Amendments to Alberta’s much-disputed Land Stewardship Act are expected to clarify aspects that the province says critics have “misinterpreted” as being an attack on property rights.
“This government has always and will always respect all existing property rights,” the province’s Sustainable Resource Development Minister Mel Knight said in a release Tuesday announcing the planned amendments.
“The proposed amendments only strengthen our commitment to those rights and to consult with Albertans and develop regional plans under the Land-use Framework through a transparent and accountable process.”
First proposed by the Stelmach government in 2009, the province’s Land Stewardship Act was meant to support implementation of the province’s new Land-use Framework, by setting up larger land-use regions and a Land-use Secretariat, authorizing regional plans, creating regional advisory councils and addressing the “cumulative effects of human and other activity.”
The province at the time said it viewed the purpose of the framework as being to manage growth while respecting property rights and municipalities’ decision-making authority.
The changes announced Tuesday “will create a review process for people who believe they are directly and adversely affected by a regional plan,” the province said.
The changes “will also require public consultation during planning and that draft regional plans be provided to the legislature before being approved.”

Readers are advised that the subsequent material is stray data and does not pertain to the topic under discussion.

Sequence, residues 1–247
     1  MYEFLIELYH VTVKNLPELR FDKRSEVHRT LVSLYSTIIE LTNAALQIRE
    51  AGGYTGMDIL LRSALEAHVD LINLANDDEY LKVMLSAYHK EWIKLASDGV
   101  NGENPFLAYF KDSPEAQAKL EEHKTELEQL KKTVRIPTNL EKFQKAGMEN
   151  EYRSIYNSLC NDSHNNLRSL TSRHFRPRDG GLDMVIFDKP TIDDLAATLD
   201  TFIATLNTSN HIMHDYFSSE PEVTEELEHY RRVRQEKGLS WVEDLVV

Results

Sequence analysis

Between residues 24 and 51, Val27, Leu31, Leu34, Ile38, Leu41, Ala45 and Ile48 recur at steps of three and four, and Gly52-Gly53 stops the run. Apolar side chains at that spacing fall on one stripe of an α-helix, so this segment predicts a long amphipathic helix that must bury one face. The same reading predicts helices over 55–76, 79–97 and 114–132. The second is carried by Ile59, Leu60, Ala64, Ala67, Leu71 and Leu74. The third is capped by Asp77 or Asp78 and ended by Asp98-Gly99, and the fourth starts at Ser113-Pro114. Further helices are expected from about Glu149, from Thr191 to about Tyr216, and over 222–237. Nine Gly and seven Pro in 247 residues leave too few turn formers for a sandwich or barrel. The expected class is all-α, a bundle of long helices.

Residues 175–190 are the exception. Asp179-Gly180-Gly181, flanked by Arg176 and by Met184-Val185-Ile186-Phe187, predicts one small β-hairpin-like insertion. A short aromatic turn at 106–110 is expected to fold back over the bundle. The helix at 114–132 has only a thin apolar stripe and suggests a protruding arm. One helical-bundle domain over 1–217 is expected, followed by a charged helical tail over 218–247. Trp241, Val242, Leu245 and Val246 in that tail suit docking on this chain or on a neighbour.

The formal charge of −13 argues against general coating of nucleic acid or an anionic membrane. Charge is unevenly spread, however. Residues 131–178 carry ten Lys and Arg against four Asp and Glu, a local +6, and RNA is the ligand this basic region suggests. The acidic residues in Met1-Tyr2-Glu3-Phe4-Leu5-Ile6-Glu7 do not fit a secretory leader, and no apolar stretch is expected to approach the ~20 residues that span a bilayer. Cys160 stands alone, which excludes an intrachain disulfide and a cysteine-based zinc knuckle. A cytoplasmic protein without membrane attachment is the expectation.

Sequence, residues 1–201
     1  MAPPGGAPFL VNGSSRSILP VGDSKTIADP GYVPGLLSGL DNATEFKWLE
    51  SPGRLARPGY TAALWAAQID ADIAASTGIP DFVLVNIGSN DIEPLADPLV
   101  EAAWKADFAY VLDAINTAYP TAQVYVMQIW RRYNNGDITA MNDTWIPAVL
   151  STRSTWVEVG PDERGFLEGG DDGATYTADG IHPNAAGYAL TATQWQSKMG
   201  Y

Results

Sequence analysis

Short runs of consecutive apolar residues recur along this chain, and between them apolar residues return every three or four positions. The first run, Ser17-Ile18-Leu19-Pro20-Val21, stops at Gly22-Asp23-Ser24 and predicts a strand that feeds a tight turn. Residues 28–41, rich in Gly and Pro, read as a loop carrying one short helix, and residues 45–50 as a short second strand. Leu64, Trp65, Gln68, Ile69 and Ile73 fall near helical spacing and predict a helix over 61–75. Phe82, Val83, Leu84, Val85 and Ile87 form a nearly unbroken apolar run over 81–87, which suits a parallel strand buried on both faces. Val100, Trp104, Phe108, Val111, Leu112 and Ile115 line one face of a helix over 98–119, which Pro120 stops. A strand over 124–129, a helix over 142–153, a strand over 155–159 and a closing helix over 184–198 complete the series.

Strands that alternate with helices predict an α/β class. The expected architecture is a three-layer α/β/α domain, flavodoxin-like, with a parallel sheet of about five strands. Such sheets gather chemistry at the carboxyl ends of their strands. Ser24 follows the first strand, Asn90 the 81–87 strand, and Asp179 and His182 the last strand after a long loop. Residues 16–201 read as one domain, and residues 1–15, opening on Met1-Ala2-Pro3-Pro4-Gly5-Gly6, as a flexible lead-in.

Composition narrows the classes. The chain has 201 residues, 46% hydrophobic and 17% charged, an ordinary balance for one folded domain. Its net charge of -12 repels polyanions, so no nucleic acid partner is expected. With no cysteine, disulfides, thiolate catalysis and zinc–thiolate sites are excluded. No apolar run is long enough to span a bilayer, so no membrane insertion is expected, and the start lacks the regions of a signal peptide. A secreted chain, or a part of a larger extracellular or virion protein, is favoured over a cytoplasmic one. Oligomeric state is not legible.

Furthermore, the province stressed in its release Tuesday, “the government’s intent is to co-ordinate, not prescribe, land-use decisions of municipal governments and other decision-makers.”
Also, the province said, one of the new amendments “specifically clarifies that land titles and freehold mineral titles were never included in the definition of statutory consents.”
Among those opposed to the original Act, the Western Stock Growers Association recently said in Alberta Farmer that it “recognizes that the Land-use Framework process is the Alberta government’s attempt to address competing land uses (but) at the heart of WSGA’s concerns is the absence of property rights.”
Writing in the Alberta ag paper Jan. 17, the Calgary-based WSGA’s president Bill Hanson said the original legislation “gives government the ability to amend or extinguish any government statute consent such as a land title, licence, grazing or mineral disposition” and “limits the right to compensation for the landowner.”
That said, the group granted it was “encouraged by the holistic land-planning goals of (the Land-use Framework), which outlines a balancing of societal, environmental and economic goals.”